But everybody involved in the process should discuss the elements of each behaviour and together create a unique scorecard that the leader considers aligns with business goals.

STEP 6 – Create a Document With Guiding Principles to Remove Subjectivity

Despite creating a scorecard with the team, some call quality analysts may still have a different opinion of what constitutes a “complete effort to provide resolution for caller’s question(s),” for example.

In Tom Vander Well’s experience, “many calibration sessions turn into a war over a small piece of one call because of this.

“I found myself always asking: ‘what’s the principle we can glean from this discussion that will help us be more consistent in scoring all of our calls?’”

So, Tom Vander Well advises keeping “a ‘Calibration Monitor’ document that tries to summarise the general principles as discussed in the session, which will aid all analysts with future calls and provide guidelines to split the objective from the subjective.”

STEP 7 – Hold Calibration Sessions

Now the scorecards are primed and analysts know what is expected from them, it is time to hold calibration sessions, to ensure analysts are in tune with one another.

As Tom says, these sessions involve getting “all analysts in a room and taking one phone call. Each analyst scores the call and then everyone comes together and compares the results. This brings out the differences in the scoring, as a debate will ensue about how to align these things correctly.

“It is very healthy and positive, whilst allowing the leader to manage and say, ‘nope, this is the way we’re going to do it. I want everybody to look at it this way moving forward.’”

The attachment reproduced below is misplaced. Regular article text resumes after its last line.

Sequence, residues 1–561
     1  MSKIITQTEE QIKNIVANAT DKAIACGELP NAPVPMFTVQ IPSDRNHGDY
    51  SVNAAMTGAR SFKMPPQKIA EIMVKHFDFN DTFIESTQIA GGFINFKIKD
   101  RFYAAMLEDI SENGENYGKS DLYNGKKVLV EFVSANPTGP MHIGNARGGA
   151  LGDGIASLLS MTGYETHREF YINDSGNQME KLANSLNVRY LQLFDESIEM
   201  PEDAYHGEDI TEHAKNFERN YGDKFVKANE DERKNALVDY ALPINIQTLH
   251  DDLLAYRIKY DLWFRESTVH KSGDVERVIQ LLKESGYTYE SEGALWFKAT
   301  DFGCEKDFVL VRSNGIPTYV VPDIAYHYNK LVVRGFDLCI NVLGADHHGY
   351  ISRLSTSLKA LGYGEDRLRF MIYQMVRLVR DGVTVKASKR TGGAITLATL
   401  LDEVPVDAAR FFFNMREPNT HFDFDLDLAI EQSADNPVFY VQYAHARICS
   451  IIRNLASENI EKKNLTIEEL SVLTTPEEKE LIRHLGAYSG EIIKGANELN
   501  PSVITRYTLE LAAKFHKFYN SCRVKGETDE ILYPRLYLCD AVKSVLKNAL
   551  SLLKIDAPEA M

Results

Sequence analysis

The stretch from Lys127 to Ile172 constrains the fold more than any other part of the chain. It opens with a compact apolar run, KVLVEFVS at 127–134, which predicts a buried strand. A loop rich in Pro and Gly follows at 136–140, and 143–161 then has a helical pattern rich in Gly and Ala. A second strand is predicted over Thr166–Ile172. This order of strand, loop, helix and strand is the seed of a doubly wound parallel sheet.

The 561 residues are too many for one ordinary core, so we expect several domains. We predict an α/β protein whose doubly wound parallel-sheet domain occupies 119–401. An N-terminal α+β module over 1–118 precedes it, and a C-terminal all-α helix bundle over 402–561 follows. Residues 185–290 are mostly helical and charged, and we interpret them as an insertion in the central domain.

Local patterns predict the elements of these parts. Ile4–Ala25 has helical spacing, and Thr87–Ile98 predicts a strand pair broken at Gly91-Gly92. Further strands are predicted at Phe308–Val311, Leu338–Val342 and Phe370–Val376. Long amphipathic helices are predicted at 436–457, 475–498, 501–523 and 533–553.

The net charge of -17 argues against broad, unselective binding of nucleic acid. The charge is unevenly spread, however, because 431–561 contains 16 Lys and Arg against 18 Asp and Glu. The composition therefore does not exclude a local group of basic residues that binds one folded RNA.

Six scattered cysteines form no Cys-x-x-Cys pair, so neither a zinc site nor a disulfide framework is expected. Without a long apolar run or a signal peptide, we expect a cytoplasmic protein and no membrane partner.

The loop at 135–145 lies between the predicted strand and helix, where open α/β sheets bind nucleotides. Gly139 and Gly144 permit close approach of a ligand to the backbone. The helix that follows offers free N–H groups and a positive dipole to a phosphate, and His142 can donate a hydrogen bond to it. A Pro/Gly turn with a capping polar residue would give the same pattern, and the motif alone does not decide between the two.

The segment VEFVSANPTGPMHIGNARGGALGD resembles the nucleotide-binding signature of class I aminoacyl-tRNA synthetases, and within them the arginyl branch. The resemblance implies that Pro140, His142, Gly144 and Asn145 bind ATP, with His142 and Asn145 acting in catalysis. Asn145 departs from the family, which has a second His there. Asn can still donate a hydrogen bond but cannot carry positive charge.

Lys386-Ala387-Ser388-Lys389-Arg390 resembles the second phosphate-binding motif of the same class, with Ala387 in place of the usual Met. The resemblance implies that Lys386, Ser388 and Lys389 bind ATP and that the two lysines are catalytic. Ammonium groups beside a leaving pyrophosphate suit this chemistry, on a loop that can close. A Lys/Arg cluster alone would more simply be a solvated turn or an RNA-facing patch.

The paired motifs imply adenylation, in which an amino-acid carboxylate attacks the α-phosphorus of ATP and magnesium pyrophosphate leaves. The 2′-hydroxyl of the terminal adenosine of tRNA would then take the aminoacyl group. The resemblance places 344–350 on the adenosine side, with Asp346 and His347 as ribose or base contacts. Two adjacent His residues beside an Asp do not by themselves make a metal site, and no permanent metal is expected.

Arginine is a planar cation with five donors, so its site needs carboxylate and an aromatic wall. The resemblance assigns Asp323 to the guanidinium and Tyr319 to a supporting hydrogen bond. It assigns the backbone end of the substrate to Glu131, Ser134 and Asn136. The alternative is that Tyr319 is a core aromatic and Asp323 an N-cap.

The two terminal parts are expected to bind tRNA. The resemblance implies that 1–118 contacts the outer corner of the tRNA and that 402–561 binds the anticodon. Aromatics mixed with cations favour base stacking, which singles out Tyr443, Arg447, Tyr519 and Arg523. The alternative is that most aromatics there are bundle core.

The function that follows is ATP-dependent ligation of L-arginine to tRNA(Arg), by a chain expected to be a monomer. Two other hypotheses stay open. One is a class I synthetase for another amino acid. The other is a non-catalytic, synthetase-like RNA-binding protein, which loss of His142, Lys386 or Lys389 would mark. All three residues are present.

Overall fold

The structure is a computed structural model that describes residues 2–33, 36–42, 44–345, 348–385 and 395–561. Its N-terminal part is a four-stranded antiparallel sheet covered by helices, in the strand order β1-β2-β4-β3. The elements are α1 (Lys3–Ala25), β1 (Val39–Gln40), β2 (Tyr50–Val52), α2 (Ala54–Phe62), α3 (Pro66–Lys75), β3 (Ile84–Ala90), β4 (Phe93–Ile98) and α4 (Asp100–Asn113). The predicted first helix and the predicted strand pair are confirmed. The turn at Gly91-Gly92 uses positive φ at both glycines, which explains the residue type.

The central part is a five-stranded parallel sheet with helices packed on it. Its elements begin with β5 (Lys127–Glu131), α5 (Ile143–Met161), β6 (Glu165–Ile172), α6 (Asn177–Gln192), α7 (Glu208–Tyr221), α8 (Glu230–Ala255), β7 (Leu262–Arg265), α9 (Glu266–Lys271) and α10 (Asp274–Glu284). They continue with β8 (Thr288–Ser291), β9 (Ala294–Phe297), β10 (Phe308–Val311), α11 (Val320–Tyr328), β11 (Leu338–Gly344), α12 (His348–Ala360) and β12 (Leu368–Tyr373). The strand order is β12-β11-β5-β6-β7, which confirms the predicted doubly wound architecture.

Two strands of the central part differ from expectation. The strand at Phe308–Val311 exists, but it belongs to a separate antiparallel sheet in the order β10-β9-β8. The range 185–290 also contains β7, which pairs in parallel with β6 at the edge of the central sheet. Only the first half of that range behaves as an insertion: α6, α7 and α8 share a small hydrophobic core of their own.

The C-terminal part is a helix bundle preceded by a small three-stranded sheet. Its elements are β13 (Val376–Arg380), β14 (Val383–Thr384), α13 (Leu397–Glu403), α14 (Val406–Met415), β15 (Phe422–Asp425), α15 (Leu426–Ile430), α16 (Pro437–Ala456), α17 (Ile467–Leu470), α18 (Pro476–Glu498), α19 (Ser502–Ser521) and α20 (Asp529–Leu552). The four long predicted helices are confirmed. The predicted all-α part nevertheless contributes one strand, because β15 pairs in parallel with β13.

It can also be a good idea to focus on a different call type during each session – whether inbound outbound, sales, etc. – to remove any unnecessary confusion.

This step is where many contact centres complete their calibration process, yet there is a significant downside to doing so. This is because, as Tom Vander Well has experienced, certain individuals will do two things.

“One, they’ll say one thing in the calibration session because they know that’s what the leader wants to hear, but then when they go back and analyse the calls, they continue to score it the way they believe it should be done.

“The second thing that I see happen is that analysts will score the call that they know is going to be calibrated one way because they know they’re going into a calibration session.

“So, the analyst may think ‘I’m going to score it this way because I know that’s what’s going to be acceptable in the calibration session’. But they may continue to score actual calls, which they don’t think they’ll necessarily be held accountable for, in another way.”

So, don’t ignore step eight…

STEP 8 – Compare Scores From Different Analysts and Look for Deviations

After 50+ calls have been scored by each analyst, it’s time to record the scorecards for each contact analysed in a program such as Microsoft Excel to find a percentage likelihood of the analyst ticking a certain box.

Calibration variance for example:

Likelihood of Analyst Ticking Box (%) = Number of times an analyst ticked the box ÷ Number of Contacts analysed x 100

Then, compare the percentage of one analyst against the team, for each element, and look for deviations. In the example below, provided by c wenger group, they are looking for deviations of plus or minus 10%.

From this graphic, the analyst “Analyst 1” can be seen to be 10.2% less likely than the rest of the team to note that an advisor tried to “Avoid ‘dead air’”.

So, taking this information into consideration, the team leader can take “Analyst 1” aside and ask them to be slightly more lenient when judging whether dead-air time exceeds seven seconds (unexplained) or 15 seconds (explained).

However, be careful when doing this, as Tom Vander Well warns that “sometimes the person who looks like they’re the outlier is actually the one who’s being more accurate than rest of the team. But it allows us to have the conversation with them and dig into why there is a difference.”

What Not to Do

Here is a list of five things that you should not be tempted to do during the eight-stage calibrating process.

Create a Combined Scorecard in Calibration Sessions

Instead of scoring calls separately and then coming together as a group, some contact centres all get together in one room and listen to a call, going through the scorecard together, item-by-item and take a vote or discuss it.